Dear Non-Diabetic

 

This is a letter to all those who watch me and my fellow diabetes go through our daily routine, but still don’t quite understand what diabetes really is…so I’m here to break it down for you.

People with diabetes have uncontrolled blood sugar. Typically, the average person has a blood sugar range from about 80-130 that varies based on what you eat and when you exercise. Diabetics don’t stay in that range very well and are usually diagnosed because of an unusually HIGH level of blood sugar. That is not to say we cannot go low, because that certainly happens. High blood sugar happens because there is too much sugar and not enough insulin to manage it, and low blood sugar happens when there is not enough sugar and too much insulin. So really it is an overall maintenance problem, not just one way or the other. Anyone can test their blood sugar to see what they are at, though for diabetics it really is necessary to test with a testing kit a few times a day (or with a continuous glucose monitoring system, which can be worn on the body).

Low blood sugar = give them some sugar, stat! (the food kind) usually comes along with a combination of the following: dizziness, light-headedness, feeling hot, shaky, etc.

High blood sugar = sugar is the last thing they need, find the insulin. Usually comes along with a combination of the following: frequent need to pee, fatigue, blurred vision, etc.

Typically, there are “two types,” I put this in quotes for a reason. In the past few years, doctors have been more open to blurring the lines between the typical type 1 and type 2, because the truth is sometimes it’s hard to draw the lines. The reason for this is that when it comes down to it, everyone has their own specific case that can be best dealt with in different ways. My personal experience with diabetes is a prime example of the blurring of the lines.

Type 1 is typically categorized as “childhood” diabetes and type 2 as “lifestyle” or “age” onset diabetes. So you can imagine my confusion when my doctor told me at 18 years old that I most certainly had diabetes but it wasn’t from my lifestyle or aging, yet I also wasn’t a kid.

The truth behind the categories is the nature of each. What does that mean? Let me tell you. Type 1 is an autoimmune disease where the immune system (for some stupid reason) creates antibodies and decides to attack cells (the insulin producing beta cells) in the pancreas. This is completely different from Type 2, which is NOT autoimmune and instead is where the beta cells “forget” to produce insulin. It’s a difference of all out war between cells and then lazy cells.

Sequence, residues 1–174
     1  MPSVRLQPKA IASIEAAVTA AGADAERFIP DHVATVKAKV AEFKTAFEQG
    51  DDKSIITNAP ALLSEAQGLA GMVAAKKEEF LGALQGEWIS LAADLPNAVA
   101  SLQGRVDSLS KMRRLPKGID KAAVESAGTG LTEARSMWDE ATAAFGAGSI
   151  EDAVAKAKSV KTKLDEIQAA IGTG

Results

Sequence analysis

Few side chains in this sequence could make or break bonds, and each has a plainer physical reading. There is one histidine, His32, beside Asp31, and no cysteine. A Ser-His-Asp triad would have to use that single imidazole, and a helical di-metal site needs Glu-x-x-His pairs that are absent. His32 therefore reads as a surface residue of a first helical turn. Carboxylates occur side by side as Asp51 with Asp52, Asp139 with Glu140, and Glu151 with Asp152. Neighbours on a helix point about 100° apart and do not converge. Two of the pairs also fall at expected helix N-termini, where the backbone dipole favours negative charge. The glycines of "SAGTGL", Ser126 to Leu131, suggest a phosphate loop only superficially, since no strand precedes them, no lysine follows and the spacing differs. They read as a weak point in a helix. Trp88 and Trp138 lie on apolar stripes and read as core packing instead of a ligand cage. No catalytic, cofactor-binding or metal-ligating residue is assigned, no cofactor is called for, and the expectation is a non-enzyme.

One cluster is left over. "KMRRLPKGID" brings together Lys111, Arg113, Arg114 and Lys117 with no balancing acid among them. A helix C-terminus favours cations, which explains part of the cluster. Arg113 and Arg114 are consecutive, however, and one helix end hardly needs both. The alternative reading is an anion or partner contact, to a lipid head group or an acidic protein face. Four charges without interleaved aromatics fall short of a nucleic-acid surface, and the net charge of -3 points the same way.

So, if we are going to go by the usual categories, I would be a type 1 simply because I had the presence of antibodies in my system. To be type 2, I would most definitely NOT have these antibodies.

So now we go on to treatment…Since type 1 diabetics are incapable of producing insulin there is a necessity for injected insulin, usually through a pen or pump. Type 2 are sometimes suggested to use insulin injections (there is the blurring of the lines again) for more effective treatment. However, most rely on medicine that acts to essentially provide motivation for the beta cells to start working again. In any case, a good diet and exercise seem to help with maintenance.

I hope this mini-lesson helped you and also provides a nice read for diabetics to share with others who get (just a little) tired of explaining it.

https://leannelabetti.wixsite.com/theinvisiblefight/single-post/2017/08/22/Dear-Non-Diabetic

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6 thoughts on “Dear Non-Diabetic

  1. This was very informative.
    I have a sweet tooth and I can’t imagine my life without some sweet intake.
    So for people, especially the ones who have a sweet tooth, contract diabetes (usually Type 2), I guess it kind of gets frustrating that you are suddenly deprived of the sweetness. But then, this is what life is.

    Liked by 2 people

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